How to Choose the Correct Menstrual Cup Size

Four Parts:Selecting the Cup Best for YouReviewing the AdvantagesEvaluating the DisadvantagesAvoiding Possible Complications

Menstrual cups are a great option to help women deal with their monthly period. Using a menstrual cup is an alternative to the traditional use of pads or tampons. Menstrual cups are available as either disposable or reusable. They come in different degrees of flexibility, sizes, colors, lengths, widths, and are made of different materials depending on the brand you select. Choosing the best menstrual cup for you requires a good understanding of the available products while considering your needs and your personal preferences.

Part 1
Selecting the Cup Best for You

  1. Image titled Choose the Correct Menstrual Cup Size Step 1
    Identify the variables. Many brands of menstrual cups are on the market and they offer several options for you to choose from.[1]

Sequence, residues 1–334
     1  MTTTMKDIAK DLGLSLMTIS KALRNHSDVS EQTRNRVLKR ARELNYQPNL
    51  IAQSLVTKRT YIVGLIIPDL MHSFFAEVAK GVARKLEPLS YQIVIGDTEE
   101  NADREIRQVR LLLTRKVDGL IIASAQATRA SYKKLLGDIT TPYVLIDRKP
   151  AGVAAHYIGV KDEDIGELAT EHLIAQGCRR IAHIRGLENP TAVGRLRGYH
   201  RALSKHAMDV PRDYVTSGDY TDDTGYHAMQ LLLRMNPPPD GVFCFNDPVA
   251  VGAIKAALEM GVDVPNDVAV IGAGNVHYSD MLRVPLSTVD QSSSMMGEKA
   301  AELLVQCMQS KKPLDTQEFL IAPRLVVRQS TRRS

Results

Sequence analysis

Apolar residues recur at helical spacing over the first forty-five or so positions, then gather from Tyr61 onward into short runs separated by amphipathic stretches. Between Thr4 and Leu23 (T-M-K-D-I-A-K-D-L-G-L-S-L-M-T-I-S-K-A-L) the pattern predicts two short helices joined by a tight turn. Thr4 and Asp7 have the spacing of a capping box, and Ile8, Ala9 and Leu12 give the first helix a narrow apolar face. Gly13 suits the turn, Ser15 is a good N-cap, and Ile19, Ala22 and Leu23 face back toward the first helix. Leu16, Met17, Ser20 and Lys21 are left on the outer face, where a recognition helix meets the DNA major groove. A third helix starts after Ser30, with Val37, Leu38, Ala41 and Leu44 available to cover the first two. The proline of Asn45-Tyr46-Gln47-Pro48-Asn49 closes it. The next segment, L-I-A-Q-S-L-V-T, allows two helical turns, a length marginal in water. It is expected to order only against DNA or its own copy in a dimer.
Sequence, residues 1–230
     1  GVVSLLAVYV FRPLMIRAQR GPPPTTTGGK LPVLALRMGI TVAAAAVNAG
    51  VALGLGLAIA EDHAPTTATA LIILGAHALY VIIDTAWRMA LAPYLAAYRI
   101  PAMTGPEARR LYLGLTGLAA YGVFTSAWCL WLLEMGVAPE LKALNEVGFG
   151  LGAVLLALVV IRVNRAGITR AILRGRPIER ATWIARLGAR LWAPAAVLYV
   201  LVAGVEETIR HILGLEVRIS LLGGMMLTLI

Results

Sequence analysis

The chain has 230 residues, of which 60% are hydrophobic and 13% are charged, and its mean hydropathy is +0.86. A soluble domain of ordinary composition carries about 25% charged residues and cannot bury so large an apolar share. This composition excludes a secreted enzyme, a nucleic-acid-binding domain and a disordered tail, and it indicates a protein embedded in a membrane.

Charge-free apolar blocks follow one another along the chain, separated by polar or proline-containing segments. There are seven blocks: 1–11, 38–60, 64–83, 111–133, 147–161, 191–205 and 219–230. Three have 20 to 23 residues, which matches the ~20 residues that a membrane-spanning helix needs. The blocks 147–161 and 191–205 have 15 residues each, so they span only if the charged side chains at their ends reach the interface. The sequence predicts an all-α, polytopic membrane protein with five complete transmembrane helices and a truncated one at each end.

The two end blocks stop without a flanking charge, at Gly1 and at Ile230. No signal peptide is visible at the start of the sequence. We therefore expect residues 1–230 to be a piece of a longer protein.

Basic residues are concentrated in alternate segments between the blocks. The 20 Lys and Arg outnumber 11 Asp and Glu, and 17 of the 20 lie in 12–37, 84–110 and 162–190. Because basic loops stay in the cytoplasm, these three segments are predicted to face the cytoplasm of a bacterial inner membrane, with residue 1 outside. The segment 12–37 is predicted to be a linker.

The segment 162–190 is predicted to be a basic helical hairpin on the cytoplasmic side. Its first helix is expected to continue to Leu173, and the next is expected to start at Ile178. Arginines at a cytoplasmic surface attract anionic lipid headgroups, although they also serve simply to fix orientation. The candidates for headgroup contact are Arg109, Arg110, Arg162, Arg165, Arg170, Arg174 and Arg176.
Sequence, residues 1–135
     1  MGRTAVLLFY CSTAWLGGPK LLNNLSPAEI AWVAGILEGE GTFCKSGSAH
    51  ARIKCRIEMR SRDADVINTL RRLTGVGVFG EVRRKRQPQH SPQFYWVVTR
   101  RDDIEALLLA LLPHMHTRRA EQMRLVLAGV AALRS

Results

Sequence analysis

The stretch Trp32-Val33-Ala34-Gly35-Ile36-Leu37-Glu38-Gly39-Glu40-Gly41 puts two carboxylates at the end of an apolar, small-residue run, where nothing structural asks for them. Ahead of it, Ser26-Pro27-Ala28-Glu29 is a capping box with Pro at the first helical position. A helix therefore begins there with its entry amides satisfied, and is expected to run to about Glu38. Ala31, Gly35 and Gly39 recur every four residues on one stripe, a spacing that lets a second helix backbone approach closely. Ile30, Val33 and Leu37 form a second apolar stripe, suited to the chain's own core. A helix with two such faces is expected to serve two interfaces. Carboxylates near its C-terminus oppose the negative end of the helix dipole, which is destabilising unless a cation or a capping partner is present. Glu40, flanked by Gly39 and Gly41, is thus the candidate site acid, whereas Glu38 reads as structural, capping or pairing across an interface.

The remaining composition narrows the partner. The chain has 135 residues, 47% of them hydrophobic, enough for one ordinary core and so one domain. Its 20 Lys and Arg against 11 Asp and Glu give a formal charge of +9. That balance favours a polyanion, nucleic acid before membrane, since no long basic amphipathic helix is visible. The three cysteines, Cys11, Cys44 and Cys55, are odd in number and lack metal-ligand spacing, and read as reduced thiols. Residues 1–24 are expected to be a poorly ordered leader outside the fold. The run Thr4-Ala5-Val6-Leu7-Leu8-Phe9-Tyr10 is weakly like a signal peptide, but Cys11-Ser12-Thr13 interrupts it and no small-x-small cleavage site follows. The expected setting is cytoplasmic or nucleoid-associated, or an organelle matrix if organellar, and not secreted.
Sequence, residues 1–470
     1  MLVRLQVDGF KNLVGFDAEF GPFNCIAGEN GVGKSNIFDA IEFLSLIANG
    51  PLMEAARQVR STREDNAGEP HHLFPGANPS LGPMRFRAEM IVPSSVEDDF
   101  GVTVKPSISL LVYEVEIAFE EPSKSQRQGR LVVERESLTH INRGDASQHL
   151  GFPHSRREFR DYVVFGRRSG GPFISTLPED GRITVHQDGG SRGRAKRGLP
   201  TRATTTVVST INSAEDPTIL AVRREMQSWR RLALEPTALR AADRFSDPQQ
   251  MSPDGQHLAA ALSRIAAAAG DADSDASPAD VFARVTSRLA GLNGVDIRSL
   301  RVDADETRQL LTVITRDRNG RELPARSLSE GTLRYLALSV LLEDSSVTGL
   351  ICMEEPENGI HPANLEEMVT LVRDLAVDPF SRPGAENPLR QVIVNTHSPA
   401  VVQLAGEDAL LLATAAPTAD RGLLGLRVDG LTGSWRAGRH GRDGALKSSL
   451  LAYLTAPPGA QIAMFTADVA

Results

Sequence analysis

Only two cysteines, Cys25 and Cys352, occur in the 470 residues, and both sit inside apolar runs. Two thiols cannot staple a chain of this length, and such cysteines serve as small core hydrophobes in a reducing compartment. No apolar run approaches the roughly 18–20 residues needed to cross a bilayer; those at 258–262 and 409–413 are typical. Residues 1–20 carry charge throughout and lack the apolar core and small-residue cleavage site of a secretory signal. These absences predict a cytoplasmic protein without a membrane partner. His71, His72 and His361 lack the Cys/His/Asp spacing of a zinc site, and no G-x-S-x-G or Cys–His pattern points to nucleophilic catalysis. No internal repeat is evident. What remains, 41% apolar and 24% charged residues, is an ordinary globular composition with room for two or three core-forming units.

• Read the information provided by different manufacturers so you have a good understanding of the materials used in manufacturing and the features offered by their brand.[2]
    • Variables include the size of the cup, color choices, disposable vs reusable, amount of fluid they will hold, stiffness of the rim, stiffness of the lower part that holds the fluid, overall length of the cup, width measured at the rim, and the materials used in manufacturing.
  2. Image titled Choose the Correct Menstrual Cup Size Step 2
    Start with the size. There is no standard way to determine the correct size like you might do in choosing your shoes or your clothing. A “small” cup provided by one manufacturer may not be exactly the same as a “small’ cup provided by another. However, most manufacturers consistently recommend the choice of cup size, either small or large, based on general characteristics and categories of women.
    • Cups generally come in either a small or large. General guidelines provided are a starting place, then you may need to tweak your choice of brand and size to find the cup that completely meets your needs.